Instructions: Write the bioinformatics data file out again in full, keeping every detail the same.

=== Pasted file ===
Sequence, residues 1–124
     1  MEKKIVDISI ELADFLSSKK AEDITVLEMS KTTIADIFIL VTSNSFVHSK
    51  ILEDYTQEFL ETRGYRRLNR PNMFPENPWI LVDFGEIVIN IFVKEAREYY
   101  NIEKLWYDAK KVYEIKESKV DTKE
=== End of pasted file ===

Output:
Sequence, residues 1–124
     1  MEKKIVDISI ELADFLSSKK AEDITVLEMS KTTIADIFIL VTSNSFVHSK
    51  ILEDYTQEFL ETRGYRRLNR PNMFPENPWI LVDFGEIVIN IFVKEAREYY
   101  NIEKLWYDAK KVYEIKESKV DTKE